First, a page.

Relationship matters, of course, in being able to constructively criticize and offer support.  Many of us were told how to handle things with our love one's death.  It was not always helpful to hear.  Audience and timing matters, right?

 

Third, as a trauma treatment and kid therapist, the law in the US in most states is:  If you suspect abuse or neglect, you report it.  Let the experts investigate. You are not trained or have the ability to do so, especially if you are in a relationship with them.  You are not able to be non bias.  

Sexual abuse - YOU report. You do not talk to them about it.  It is anonymous.  PLEASE report.  Churches and schools cannot handle this or families nor should they. It is illegal for them to do their own investigation, and it happens ALL the time.  "The parent should first be confronted but be told that CPS will be contacted if the issue doesn't improve. "  NO, you don't confront them. This gives them time to investigate, tell the victim overtly or covertly to keep it secret, change the story, prepare for an investigation , etc.  And how do you know if it improves?  NOT your role.  And the victim suffers.  Domestic violence as well. IT is the law. And mandated and needed.  May not be the threads intent, but putting this info. out there.

 

Good luck.

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Thanks for the responses so far. Just to be clear, this isn’t a CPS sort of thing. Stuff that needs addressed, for sure, but nothing sexual or criminal.

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I sure hope that if somebody makes the effort to call somebody out on what they consider to be inadequate parenting, they'd be willing to step up and be supportive.  As if widowed parents don't have enough going on.   My kids were 14 and 16 when DH died, a bit older and somewhat independent.

 

About a year after DH died, I was called out in group therapy - for ignoring my daughter's needs and allowing her to dally into some drug use.  I was mad - here was a group of therapists - none of them parents - telling me that I was doing it wrong.  And I wanted to scream that I was trying my best.  Ultimately they helped me and my daughter, we were provided attention and support for what we were going through.  It was tough but worth it to go through this, I'm not sure if the outcome would be as good as it is today if we hadn't gone through therapy.  Maybe a different scenario than what your friend is going through - but my 2 cents.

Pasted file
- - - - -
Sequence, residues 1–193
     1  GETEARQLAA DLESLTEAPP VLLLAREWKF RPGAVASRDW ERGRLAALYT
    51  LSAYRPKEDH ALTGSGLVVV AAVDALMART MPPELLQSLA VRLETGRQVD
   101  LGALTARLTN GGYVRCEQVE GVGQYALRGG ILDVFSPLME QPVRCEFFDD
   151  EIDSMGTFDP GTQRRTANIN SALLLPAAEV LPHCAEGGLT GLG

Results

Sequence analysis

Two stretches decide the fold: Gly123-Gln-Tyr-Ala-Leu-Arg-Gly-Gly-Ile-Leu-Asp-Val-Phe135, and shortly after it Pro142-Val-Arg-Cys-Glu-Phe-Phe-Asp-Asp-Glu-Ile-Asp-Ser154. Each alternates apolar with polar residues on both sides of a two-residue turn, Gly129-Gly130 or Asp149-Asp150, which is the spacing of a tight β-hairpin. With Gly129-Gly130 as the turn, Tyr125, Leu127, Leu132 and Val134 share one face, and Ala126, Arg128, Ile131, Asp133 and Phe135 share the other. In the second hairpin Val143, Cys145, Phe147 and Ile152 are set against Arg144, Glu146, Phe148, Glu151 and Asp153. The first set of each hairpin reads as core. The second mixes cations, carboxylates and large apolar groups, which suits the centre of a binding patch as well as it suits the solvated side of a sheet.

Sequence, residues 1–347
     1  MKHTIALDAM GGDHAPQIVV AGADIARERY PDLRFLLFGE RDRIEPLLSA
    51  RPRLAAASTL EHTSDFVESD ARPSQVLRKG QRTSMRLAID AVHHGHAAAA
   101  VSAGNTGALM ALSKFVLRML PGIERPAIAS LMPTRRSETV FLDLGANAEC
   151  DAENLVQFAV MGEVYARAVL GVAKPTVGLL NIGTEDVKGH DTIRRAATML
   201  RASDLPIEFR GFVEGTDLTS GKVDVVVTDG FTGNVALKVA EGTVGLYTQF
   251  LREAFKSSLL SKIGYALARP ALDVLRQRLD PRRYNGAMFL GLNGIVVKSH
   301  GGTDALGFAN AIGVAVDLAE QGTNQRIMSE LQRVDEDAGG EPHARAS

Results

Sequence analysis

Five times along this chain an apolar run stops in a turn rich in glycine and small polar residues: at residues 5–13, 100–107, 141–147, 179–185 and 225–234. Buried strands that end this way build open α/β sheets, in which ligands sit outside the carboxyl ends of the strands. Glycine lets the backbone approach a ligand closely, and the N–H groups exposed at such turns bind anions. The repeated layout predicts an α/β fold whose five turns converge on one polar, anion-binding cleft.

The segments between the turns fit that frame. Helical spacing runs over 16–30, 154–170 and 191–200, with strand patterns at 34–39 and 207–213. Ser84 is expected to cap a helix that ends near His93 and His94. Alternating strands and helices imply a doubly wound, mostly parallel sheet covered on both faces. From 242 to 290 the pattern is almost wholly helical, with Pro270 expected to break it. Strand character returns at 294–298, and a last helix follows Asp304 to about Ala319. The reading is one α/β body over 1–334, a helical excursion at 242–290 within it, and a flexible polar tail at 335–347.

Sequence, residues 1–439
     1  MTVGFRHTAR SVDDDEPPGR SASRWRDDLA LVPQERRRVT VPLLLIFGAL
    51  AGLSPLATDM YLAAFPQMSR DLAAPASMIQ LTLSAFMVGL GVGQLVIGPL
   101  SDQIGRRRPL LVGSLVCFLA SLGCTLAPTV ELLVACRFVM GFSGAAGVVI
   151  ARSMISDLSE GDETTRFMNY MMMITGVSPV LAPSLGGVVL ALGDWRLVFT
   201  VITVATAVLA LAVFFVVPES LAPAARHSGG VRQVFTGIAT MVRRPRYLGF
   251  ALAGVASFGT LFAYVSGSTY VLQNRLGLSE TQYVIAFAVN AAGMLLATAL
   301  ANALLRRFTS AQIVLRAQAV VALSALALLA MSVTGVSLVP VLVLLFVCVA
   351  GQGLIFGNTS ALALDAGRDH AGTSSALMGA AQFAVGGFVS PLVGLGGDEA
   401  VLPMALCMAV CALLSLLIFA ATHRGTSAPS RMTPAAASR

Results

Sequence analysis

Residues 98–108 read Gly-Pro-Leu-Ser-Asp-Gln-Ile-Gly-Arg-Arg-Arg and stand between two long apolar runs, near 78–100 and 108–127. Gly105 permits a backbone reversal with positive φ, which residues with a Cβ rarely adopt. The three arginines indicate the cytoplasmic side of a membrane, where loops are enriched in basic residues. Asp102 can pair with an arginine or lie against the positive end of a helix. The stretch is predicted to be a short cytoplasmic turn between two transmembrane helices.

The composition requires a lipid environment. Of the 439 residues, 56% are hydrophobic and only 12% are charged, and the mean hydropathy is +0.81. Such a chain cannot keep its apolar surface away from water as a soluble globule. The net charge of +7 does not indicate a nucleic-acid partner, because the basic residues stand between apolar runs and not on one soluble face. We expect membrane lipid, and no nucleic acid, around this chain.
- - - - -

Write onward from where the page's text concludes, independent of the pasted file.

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Surely the devil in the detail here -  it really depends on what's going on and how much people really know about the situation? As in, there is a difference between criticizing someone's parenting because the kids have untidy rooms, just as an example, and mum or dad collapsing in a booze- or drug-addled heap every night and neglecting them? I guess if you are thinking of making a comment, it must be pretty obviously bad?

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Yes. My Mom called me out numerous times in my early days. I needed it, but was too out of my mind and took offense to it. One friend called me out (when I was using pills, because on the surface most couldn't tell except the people who really knew me)- With her I felt embarrassed and ashamed. 

 

Usually, anytime someone is called out on their parenting, expect them to get defensive and be pissed off. Whether or not they are widowed.  9 times out of 10 though, it needs to be said. I would rather someone call me out to my face as opposed to behind my back. So actually, in the long run- they will respect you for it. (except it may take a while, possibly years)

 

Of course some folks will always stay in denial if they are a shitty parent and look to blame others. So some people it never helps.